IJCRR - 13(15), August, 2021
Date of Publication: 10-Aug-2021
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Effect of Remnant Lipoprotein Cholesterol and Nitric Oxide in Young Coronary Heart Disease Subjects
Author: Thirunavukkarasu Jaishankar, Meera Shivasekar, V.M. Vinodhini, Sriram Veeraragavan
Abstract:Introduction: The remnant lipoproteins Cholesterol are highly atherogenic, because of their lesser size along with high cholesterol content, and increased residence period in the blood which may not be reflected by the levels of LDL-C. Elevated Remnant lipoprotein cholesterol and decreased level of Nitric oxide is the novels atherosclerotic risk factors that stimulate the immune and inflammatory reactions associated with the progression of coronary heart disease. Aim and Objective: The study aims to assess the role of remnant lipoprotein cholesterol associated with nitric oxide in the development of coronary heart disease. Materials and Methods: This cross-sectional study was conducted in SRM Medical College Hospital and Research Centre on subjects appearing the master health check-up and medicine OP. The study was conducted on 97 CHD patients and 97 healthy control in the age group of 30 to 55 years and was age and sex-matched. After overnight fasting body fluid samples were collected for analysis for Lipid Profile, Nitric oxide was measured by ELISA method and Lipid Profile is measured using Auto Analyser AU480. Statistical analysis was done using Student't' test and Pearson correlation analysis for the comparison between two groups. Result: The mean levels of FBG, Total cholesterol, Triglyceride, LDL-C, VLDL, TC/HDL-C Ratio, LDL-C/HDL-C Ratio, RLP-C, were significantly increased in CHD subjects when compared to controls. And the mean Nitric Oxide levels were decreased significantly in the CHD group compared to controls (P< 0.001). Conclusion: Decreased levels of Nitric oxide and the elevated levels of RLP-C in the arterial wall impairs endothelial function resulting in the progression of CHD.
Keywords: Coronary Heart Disease, High-Density Lipoprotein, Low-Density Lipoprotein, Nitric Oxide, Remnant lipoprotein cholesterol, Endothelial function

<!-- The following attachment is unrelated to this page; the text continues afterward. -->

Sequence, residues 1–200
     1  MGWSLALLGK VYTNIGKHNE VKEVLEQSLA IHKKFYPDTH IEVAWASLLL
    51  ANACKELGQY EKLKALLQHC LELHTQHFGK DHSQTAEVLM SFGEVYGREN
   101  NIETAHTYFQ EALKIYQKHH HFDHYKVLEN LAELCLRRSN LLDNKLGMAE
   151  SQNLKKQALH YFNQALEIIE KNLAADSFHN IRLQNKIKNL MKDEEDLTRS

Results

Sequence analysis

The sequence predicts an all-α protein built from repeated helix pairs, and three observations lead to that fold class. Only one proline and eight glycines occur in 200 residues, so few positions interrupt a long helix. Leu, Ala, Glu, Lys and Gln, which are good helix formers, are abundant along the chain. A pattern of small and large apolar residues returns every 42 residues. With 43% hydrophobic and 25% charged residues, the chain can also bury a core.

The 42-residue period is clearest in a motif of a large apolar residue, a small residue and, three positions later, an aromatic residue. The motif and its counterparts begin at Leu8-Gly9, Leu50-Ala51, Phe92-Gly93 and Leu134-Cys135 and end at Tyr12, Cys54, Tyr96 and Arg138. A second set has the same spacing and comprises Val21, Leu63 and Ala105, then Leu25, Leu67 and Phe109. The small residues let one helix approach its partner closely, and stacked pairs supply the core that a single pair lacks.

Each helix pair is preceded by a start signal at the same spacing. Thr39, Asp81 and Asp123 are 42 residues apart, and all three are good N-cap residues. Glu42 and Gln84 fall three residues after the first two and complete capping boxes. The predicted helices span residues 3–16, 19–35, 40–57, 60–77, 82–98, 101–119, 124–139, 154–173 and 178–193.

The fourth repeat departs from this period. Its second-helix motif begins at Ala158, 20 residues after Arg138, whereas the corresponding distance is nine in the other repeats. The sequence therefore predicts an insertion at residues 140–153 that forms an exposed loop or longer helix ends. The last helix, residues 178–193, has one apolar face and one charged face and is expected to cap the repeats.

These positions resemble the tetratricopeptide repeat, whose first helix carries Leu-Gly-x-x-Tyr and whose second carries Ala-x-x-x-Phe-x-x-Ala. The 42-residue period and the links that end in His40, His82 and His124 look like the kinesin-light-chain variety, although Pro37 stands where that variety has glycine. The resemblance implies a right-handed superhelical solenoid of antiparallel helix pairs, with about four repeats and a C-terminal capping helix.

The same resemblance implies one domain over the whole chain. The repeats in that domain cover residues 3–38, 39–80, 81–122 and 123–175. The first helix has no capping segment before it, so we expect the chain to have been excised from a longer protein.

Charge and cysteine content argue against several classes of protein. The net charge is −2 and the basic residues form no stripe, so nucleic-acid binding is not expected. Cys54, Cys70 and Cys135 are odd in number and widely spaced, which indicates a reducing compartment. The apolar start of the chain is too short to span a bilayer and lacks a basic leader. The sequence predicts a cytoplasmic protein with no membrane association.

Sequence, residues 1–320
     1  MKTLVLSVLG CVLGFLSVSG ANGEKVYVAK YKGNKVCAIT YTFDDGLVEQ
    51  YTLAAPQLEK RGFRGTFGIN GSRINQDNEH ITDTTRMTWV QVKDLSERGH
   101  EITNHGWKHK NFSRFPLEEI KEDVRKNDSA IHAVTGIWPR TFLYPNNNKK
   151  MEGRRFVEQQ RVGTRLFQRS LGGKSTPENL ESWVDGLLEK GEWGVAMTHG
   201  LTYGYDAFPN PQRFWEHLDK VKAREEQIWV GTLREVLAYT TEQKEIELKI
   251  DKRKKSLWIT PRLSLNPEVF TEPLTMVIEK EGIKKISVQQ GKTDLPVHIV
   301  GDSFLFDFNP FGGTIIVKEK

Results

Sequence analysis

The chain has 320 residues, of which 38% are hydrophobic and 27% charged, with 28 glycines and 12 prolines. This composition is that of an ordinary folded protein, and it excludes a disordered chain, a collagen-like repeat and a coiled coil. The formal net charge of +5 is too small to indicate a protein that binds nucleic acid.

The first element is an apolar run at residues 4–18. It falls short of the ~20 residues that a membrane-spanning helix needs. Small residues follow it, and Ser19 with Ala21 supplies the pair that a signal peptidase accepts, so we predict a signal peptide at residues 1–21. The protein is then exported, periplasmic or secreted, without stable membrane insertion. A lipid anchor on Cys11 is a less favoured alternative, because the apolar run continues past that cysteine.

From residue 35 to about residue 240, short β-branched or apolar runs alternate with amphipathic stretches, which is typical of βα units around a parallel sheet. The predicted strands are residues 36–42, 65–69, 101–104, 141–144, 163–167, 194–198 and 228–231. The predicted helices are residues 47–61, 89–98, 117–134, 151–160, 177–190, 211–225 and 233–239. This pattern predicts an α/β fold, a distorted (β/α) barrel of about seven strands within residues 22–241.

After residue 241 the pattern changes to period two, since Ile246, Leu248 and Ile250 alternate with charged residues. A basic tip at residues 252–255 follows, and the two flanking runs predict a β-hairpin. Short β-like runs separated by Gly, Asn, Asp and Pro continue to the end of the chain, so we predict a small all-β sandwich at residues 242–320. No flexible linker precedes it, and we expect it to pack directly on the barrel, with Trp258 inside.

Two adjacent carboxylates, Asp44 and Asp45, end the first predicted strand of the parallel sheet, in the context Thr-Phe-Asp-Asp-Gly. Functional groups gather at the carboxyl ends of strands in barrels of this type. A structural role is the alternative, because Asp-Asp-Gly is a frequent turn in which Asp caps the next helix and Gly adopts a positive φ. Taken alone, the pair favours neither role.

The prevalence of Coronary Heart Disease in India is very high and has a maximum number of CHD patients in the world putting India in the state of a CHD epidemic. The high degree of mortality, morbidity, and prematurity of CHD has put a great burden on society and health care expenditure, and it is the most common cause of death worldwide.1 Coronary Heart Disease is one of the most common diseases and the major cause of death worldwide. Many traditional lipid markers such as lipoproteins (Total Cholesterol, TG, HDL, and LDL) and their subfractions helps for better diagnosis of CHD.2
Recently RLP-C and Nitric oxide are used as emerging risk markers which helps to rule out the CHD risk and predict cardiac events.3 Remnant cholesterol is the cholesterol content of triglyceride-rich lipoproteins that is IDL and VLDL in the fasting state, and chylomicron remnants in a non-fasting state.4 Remnant cholesterol acts as a potent contributor towards Coronary heart disease and stroke risk.5 Cholesterol in atherogenic particles other than the low-density lipoproteins (LDL-C) is currently emerging as a major risk factor for ischemic heart disease and is mostly found in fasting and non-fasting triglyceride-rich lipoproteins (TRLs).6 Surplus amounts of remnant lipoproteins present in plasma affect the lipoprotein metabolism cause obesity, diabetes, CVD and genetic variants.7